Extract from Terminal One by Christopher Fewtrell

Chapter One - The Institution

I know there is something not right with me and that is why I’m in this place which I call The Institution. Hum, a hum, a bee hum? When your body shuts down it focuses the mind. Not necessarily in a good way like concentrating, but more like you are only able to take in one piece of trivia at a time. In my case it is a hum, a droning hum with a bit of a whirr to it. It is relentless. It is the noise of a very high-tech machine. It is a piece of equipment which I feel is there for my good. I don’t know what it is or what it does but I wonder whether it might be keeping me alive. I can’t see it but it might be that big shadowy lump I can see in the corner when I work myself up sufficiently to open my eyes.

I think I know why I'm here. I just can't touch it. It is ovoid, smells like cabbage and sounds like a fire engine. It hovers on the periphery so I can't name it. I really must find out what the thing is that the humming machine is saving me from. The strange thing is I haven’t got a clue how old I am.

I think I can feel my feet poking at the regimental hospital corners. The sheets feel rough on the skin, itching abrasion, tingling. But I'm acutely aware I might have no limbs at all, just phantom limbs, cocking a snoot at my unknown misfortune. An itch that could never be scratched.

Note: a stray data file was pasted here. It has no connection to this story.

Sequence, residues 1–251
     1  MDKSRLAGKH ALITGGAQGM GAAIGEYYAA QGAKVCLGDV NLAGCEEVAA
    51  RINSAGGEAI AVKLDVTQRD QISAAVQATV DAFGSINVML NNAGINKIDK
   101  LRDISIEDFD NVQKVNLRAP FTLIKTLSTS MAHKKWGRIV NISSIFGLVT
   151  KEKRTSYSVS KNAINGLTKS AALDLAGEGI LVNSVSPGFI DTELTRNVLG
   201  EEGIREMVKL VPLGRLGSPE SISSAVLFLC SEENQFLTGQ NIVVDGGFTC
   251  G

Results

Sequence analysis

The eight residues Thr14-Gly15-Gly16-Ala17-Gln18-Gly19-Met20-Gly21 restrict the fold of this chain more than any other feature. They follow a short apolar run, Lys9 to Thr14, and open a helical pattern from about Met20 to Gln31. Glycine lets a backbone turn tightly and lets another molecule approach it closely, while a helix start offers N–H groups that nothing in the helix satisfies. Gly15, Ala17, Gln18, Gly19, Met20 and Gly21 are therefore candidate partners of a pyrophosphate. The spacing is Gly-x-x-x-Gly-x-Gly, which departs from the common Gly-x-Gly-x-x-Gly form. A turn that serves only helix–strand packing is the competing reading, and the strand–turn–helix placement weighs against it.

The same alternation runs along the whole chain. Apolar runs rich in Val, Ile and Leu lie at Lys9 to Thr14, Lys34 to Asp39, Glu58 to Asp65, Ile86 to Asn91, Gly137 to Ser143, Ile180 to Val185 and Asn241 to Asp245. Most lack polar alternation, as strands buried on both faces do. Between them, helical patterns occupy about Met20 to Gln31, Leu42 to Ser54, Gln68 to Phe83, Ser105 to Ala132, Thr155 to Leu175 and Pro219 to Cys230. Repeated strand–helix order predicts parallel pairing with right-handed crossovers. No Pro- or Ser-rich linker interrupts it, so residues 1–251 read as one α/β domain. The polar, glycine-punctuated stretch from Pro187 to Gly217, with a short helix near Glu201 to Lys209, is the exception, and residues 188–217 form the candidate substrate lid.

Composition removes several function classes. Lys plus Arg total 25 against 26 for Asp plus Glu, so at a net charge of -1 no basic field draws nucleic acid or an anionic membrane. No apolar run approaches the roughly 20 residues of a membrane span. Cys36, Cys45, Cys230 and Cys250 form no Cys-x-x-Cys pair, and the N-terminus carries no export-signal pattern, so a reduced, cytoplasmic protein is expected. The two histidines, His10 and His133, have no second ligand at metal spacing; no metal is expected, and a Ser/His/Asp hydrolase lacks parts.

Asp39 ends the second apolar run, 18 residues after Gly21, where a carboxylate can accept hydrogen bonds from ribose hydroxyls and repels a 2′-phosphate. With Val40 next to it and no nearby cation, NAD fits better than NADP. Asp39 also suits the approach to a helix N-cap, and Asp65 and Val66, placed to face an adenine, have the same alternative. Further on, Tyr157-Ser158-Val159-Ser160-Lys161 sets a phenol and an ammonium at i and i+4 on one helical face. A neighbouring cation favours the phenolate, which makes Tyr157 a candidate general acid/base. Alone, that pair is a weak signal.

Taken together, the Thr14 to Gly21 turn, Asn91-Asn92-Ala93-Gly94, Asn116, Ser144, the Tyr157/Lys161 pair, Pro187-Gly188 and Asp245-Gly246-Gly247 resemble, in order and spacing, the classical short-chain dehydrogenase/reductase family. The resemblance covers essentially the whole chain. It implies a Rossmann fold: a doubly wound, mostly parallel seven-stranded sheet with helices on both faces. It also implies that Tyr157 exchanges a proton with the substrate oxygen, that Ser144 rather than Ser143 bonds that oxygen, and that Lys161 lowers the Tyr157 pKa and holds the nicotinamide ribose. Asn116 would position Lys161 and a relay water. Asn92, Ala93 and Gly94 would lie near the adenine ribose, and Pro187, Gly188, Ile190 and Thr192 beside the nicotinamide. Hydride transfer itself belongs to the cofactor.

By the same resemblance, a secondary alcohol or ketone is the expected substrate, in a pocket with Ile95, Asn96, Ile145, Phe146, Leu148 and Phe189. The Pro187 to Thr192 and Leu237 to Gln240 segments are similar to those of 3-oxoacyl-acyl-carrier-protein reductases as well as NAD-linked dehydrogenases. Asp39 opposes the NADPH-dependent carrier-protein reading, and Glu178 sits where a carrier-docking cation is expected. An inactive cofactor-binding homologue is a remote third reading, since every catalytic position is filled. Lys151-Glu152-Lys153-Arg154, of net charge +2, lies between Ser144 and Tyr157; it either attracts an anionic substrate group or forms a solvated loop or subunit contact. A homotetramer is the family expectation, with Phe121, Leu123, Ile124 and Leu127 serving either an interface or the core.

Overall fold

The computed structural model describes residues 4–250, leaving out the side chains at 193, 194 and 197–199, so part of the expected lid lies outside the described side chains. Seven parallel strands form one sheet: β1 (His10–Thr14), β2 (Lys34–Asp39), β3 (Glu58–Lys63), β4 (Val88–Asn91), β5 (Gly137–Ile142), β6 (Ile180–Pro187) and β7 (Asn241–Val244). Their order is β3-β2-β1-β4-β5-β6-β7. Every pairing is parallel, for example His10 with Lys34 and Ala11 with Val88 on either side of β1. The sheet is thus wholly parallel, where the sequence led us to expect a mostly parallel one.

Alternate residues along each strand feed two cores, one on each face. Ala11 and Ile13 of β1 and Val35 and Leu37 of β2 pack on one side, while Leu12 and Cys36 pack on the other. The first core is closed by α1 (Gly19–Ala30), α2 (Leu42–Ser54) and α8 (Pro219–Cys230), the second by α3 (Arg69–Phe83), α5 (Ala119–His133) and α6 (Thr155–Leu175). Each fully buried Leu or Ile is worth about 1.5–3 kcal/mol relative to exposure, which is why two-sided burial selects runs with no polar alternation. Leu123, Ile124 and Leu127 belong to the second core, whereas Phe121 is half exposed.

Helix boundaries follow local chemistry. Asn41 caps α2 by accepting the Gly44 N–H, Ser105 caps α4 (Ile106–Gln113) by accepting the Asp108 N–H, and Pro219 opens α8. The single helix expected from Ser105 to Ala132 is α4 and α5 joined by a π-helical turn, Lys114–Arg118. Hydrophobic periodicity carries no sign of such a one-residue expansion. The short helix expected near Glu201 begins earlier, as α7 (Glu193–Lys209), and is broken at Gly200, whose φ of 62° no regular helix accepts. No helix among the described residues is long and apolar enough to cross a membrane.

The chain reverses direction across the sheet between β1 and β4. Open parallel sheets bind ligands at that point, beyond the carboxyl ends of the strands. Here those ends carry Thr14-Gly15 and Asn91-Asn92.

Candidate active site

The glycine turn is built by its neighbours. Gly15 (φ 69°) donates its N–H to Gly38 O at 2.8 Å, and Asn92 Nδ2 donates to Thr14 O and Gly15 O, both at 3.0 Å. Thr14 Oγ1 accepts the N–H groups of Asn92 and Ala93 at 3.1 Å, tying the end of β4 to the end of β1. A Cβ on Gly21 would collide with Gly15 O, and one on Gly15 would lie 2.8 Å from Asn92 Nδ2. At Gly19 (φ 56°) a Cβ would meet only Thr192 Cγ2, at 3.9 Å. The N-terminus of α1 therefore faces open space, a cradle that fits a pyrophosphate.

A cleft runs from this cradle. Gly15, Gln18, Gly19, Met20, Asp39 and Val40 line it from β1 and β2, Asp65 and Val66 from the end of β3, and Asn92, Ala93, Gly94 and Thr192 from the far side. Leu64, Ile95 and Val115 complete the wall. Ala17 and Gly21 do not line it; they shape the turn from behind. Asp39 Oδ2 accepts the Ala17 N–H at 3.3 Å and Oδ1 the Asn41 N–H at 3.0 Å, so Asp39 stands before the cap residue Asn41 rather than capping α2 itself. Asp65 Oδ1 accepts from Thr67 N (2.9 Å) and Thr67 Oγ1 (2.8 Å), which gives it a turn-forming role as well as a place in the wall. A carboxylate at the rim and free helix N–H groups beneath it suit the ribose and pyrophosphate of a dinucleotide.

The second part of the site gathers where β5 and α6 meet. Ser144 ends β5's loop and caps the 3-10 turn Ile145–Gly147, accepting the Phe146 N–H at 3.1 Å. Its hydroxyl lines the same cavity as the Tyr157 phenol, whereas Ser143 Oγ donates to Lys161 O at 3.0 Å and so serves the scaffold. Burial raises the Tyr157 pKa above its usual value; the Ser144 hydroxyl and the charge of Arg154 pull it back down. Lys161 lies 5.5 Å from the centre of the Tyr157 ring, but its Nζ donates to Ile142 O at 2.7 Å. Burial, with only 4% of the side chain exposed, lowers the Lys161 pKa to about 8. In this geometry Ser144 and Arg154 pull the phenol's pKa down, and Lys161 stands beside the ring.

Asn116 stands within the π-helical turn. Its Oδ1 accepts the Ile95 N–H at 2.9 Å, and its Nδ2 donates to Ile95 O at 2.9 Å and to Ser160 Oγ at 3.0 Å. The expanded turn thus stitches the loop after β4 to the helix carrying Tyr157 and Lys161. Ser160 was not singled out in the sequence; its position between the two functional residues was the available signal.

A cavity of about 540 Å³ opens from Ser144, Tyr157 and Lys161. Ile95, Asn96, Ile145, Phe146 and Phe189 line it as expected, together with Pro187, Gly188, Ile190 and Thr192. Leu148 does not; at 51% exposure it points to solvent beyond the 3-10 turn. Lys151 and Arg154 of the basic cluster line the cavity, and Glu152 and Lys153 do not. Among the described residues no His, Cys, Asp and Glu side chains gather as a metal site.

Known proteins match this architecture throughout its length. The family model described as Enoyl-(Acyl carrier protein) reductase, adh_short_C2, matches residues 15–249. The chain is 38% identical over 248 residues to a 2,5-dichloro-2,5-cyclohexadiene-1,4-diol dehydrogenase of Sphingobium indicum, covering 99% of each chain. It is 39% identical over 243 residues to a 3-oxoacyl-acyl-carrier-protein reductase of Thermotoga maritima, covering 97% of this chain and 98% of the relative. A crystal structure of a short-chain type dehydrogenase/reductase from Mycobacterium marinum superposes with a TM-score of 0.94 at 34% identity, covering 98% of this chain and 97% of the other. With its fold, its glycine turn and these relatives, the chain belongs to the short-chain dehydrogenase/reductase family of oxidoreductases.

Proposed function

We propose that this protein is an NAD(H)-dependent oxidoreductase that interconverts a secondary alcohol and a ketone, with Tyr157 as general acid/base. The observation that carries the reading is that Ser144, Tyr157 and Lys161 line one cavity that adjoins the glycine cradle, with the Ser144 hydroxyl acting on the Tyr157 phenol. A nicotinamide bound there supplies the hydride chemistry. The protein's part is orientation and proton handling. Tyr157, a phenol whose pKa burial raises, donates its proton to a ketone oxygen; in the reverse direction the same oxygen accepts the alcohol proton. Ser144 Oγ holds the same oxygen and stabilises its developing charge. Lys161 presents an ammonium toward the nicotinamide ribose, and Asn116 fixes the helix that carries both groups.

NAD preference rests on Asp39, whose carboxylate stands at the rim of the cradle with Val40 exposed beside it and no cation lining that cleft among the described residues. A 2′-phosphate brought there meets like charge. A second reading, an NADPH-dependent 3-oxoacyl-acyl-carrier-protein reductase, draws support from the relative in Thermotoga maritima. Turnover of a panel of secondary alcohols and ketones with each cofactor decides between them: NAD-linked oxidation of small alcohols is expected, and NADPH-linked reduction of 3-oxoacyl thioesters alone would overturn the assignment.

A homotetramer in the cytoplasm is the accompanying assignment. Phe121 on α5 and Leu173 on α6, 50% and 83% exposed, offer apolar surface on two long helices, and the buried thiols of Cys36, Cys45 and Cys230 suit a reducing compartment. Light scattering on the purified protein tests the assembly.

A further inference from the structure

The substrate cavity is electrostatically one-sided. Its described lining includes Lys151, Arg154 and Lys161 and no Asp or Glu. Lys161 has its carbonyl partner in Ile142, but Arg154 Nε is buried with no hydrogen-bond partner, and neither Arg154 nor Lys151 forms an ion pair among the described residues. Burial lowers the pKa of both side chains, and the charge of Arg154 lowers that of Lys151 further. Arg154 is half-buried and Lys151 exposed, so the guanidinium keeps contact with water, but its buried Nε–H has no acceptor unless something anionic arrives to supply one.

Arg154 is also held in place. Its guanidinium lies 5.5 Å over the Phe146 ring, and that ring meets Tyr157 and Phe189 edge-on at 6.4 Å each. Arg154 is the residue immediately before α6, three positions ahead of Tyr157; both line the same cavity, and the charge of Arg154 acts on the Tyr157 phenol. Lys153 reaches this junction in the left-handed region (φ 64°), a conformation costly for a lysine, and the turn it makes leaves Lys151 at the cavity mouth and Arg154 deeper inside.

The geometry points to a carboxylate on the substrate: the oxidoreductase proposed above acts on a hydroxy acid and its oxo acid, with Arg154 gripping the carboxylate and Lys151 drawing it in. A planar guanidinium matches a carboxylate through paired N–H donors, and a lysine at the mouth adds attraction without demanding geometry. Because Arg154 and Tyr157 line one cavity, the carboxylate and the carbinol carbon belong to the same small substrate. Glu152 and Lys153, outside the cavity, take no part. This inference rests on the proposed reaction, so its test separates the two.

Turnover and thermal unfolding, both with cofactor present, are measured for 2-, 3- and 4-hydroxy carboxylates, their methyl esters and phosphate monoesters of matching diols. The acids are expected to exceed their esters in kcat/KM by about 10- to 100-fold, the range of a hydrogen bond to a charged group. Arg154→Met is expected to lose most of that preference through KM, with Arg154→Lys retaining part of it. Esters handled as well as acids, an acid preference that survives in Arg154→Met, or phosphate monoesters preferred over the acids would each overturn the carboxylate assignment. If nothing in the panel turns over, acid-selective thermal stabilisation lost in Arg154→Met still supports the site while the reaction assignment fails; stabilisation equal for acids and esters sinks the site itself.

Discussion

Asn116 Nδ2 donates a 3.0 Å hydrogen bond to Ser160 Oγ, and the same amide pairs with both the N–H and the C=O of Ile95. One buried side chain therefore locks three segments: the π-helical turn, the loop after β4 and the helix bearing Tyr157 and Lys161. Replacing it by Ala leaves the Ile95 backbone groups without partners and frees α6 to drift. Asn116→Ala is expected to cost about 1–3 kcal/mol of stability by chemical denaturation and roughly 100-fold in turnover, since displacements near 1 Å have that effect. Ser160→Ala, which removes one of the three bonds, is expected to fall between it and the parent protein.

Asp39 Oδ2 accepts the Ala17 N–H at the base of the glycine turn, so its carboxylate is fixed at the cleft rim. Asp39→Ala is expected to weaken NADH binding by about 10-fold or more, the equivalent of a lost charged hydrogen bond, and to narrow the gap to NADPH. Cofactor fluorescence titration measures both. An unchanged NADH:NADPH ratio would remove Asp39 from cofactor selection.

The thought of lost limbs jolted my thoughts back to the 1980's when I'd first met the maelstrom who was Michelle. I wondered for the thousandth time where she'd got to? Now there was a girl who made light work of rehab after losing her leg.

Michelle had always told the same story about her leg and I remembered it like a film. Getting in her retaliation first. What she was saying was ‘I know I’ve only got one leg. You know I’ve only got one leg. It’s crap but I’m going to confront it and you head on’. She had been known to take off her prosthetic leg – more function than fashion—and swing it around her head in a crowded pub.

Michelle rapped her glass of Guinness on the bar to gain the attention of my girlfriend Laura and me.
“You see I was working as a lumberjack in British Columbia. Just a gap year thing, see the world, meet new people, you know the score. I poled up at this lumber camp and these enormous guys offered me a job”
“Do they have women lumberjacks or is it Jills?” I'd asked.
“I’m not really sure there are many but they did it as a wind-up, a dare. I wasn’t going to back down. I wanted to prove to them and myself that I was as good as them. They compete like mad to get the trees down fastest. The atmosphere is pure testosterone. My safety kit was a pair of thick gloves, there was no training, just a big McCulloch chainsaw thrust into my hands.”
“How could you handle that? They’re heavy aren’t they?” said Laura.
“With great difficulty. Around me trees were crashing. The saws were wailing like powerful motorbikes. I wasn’t about to give up easy but it was hard holding the chainsaw against the tree and the flashing of the shiny teeth and the chain was hypnotic.”